Difference between CV and Resume

 The first step in your professional life from college is intimidating for many students.


Questions such as What is a CV, resume, whether to submit a CV or a resume, the difference between a CV and a resume? keep appearing.


In this blog, we'll try to answer all of your questions about what a CV is, what a resume is, the difference between a CV and a CV, and which one to choose when applying for a job.


Without further ado, let's get started!


What a CV

Curriculum Vitae (CV) means the course of life.


Likewise, in our modern lives, a CV helps to highlight in detail the accomplishments of your professional and academic life.


Depending on the type of job, a CV is requested at the time of application.


What is a Resume?

Another important document for job seekers is a resume. 


This helps a job seeker introduce himself to the recruiter when applying for a job and therefore requires top priority when considering starting a career.


However, a lot has changed over time, and in order to leave an impression on the recruiter, a resume needs to be updated.


Now, reading what a CV is and what a resume is, a fresher might think that the two are synonymous.


However, contrary to popular belief, a CV and a resume are different documents.


Confused? Don't worry, let's go through the contents of each document, then we can break down the differences into simpler terms.


What to list in a CV

So, now that what a CV is has been discussed, here is the content that can be found in a CV.


A CV is a detailed career document of a job seeker containing name, contact details, email address, work history, college degrees, awards, extracurricular activities, etc.


You can also read Pro Tips on Getting Your Resume Format Right for Organizing an Amazing Resume!


What to List in a Resume

A major difference between a CV and a resume is its length and area of ​​focus.


A resume is a much more precise version of a CV where a job seeker graphically represents their work experience in a bulleted format highlighting their most relevant skills.


It introduces a job seeker to the recruiter who quickly flips through the document to review their application for the job.


Difference between CV and Resume

Still, confused? Let's break down the difference between a CV and a resume in simpler terms.


Characteristics of a CV


A CV goes beyond 2-3 pages. A CV is extremely detailed


A CV talks about the entire educational and professional background of a job seeker

It contains detailed information about your degree , Your Awards, Your Awards, Your Research Articles, and Your Posts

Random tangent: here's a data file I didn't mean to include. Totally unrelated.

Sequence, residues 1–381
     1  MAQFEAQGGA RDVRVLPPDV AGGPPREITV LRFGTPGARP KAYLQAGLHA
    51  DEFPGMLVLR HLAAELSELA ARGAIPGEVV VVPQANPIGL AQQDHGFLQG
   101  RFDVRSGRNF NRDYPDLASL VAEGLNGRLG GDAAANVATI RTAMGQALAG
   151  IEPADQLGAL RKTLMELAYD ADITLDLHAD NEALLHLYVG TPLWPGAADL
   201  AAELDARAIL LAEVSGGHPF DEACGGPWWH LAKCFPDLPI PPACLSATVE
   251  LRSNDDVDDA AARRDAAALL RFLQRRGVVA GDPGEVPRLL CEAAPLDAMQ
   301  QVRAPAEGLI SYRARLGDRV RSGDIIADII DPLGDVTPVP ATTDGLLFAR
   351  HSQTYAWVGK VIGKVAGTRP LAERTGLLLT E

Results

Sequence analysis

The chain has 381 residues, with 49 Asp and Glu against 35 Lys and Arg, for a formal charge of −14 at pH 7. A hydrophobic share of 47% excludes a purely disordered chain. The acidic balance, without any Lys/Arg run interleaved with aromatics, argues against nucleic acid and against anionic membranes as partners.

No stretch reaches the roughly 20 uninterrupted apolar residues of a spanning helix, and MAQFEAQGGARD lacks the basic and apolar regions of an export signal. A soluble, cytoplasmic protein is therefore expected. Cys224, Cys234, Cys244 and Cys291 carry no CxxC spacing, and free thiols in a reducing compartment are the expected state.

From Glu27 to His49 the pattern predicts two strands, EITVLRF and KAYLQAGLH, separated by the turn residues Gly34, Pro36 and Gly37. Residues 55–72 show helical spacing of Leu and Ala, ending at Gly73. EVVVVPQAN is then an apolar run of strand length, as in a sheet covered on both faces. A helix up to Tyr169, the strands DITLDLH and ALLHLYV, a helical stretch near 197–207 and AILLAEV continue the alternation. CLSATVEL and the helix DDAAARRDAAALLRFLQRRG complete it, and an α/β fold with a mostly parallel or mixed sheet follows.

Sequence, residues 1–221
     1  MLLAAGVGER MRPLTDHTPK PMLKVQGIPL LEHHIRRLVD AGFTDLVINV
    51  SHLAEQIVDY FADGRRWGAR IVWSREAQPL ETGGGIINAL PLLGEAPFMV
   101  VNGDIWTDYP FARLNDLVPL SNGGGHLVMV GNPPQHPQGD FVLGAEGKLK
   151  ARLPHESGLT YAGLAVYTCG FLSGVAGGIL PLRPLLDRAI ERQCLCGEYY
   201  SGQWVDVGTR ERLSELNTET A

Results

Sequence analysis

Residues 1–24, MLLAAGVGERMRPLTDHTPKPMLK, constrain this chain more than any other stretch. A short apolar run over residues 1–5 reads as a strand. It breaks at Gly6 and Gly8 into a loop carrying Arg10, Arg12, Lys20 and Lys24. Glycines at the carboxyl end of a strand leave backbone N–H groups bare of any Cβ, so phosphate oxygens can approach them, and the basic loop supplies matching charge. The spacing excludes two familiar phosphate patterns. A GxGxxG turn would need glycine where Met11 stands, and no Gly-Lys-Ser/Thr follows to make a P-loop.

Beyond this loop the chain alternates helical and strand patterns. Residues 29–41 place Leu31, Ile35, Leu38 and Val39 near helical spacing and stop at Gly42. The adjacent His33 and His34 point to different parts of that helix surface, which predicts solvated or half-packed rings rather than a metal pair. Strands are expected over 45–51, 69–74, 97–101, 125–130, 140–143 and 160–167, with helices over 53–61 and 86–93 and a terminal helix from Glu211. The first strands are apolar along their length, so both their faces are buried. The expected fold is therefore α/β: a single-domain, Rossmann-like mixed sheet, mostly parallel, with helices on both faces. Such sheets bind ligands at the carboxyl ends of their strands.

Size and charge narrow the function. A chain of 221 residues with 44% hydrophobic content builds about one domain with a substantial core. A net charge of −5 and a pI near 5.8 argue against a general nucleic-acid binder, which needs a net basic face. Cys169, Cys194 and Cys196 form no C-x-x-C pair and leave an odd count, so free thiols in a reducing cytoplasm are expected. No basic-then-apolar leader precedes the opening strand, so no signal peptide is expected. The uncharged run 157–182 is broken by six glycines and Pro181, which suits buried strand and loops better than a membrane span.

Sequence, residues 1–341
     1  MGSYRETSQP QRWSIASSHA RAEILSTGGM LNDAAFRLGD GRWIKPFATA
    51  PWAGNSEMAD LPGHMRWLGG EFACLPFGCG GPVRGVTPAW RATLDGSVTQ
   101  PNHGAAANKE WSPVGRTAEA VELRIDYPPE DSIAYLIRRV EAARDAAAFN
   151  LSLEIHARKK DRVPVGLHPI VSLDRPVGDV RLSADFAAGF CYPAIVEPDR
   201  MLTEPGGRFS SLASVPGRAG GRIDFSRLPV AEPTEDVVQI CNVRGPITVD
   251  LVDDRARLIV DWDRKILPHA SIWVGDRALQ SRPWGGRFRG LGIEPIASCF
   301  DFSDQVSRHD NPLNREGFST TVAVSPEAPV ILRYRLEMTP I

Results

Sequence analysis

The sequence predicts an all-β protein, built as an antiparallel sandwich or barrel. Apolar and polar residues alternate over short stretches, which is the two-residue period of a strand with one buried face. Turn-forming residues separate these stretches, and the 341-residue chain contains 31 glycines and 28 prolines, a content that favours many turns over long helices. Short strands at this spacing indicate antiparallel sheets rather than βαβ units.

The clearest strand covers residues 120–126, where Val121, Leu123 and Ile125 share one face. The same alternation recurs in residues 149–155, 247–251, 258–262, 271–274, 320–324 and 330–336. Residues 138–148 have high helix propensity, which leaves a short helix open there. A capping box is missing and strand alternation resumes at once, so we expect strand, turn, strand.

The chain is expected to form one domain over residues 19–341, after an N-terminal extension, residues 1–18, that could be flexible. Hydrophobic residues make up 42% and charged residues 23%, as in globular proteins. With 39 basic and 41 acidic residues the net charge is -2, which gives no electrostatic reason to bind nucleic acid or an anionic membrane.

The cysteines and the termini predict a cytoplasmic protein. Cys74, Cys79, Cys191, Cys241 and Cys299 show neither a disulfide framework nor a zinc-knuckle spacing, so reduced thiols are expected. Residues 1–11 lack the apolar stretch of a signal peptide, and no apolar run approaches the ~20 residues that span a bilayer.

A CV is written in the order of events that have occurred so that the recruiter understands your growth chart.




Characteristics of a Resume

A resume is rounded off to a maximum of 2 pages, with approximately 1 page for each decade of experience

A resume is a very concise and precise document

Content

A resume, due to its concise nature, contains only the details: mainly your professional experience and skills

In a resume, the most important skills are highlighted

This helps recruiters understand what to expect from you as a candidate


A resume can be written in different formats as long as it is clear and does not contain any unnecessary information.

It can be written either in a chronological format, i.e. the way the events happened, or in a functional format. This means highlighting a job seeker's skills that are in tandem with the skills the recruiter

wants.A job seeker could also follow a combinatorial format where the most important skills are highlighted first, followed by a combination of chronological and functional formats,




which is a better choice for freshers

Now, despite the clarity of the differences between a CV and a curriculum vitae, it is natural to feel confused as to which document to produce when and where.


Considering its lengthy characteristics and the detailed writing of your career path, a CV is especially useful in academic fields or if you are applying for a managerial position.


In academics, a CV requires you to list all articles you have written and published to date, which gives higher authorities in institutes insight into your abilities, subject knowledge, and whether you are fit for it. educator work.


For managerial positions, a CV provides a lot of information about a person's managerial experience and abilities, thus helping to understand whether or not one can handle administrative tasks.


On the flip side, a resume is your best friend when applying for more technical jobs like IT, content writer, etc. where the skills acquired have more weight to fill the position.


However, to reach the finish line you need to make sure your resume is on point!



All my wishes!


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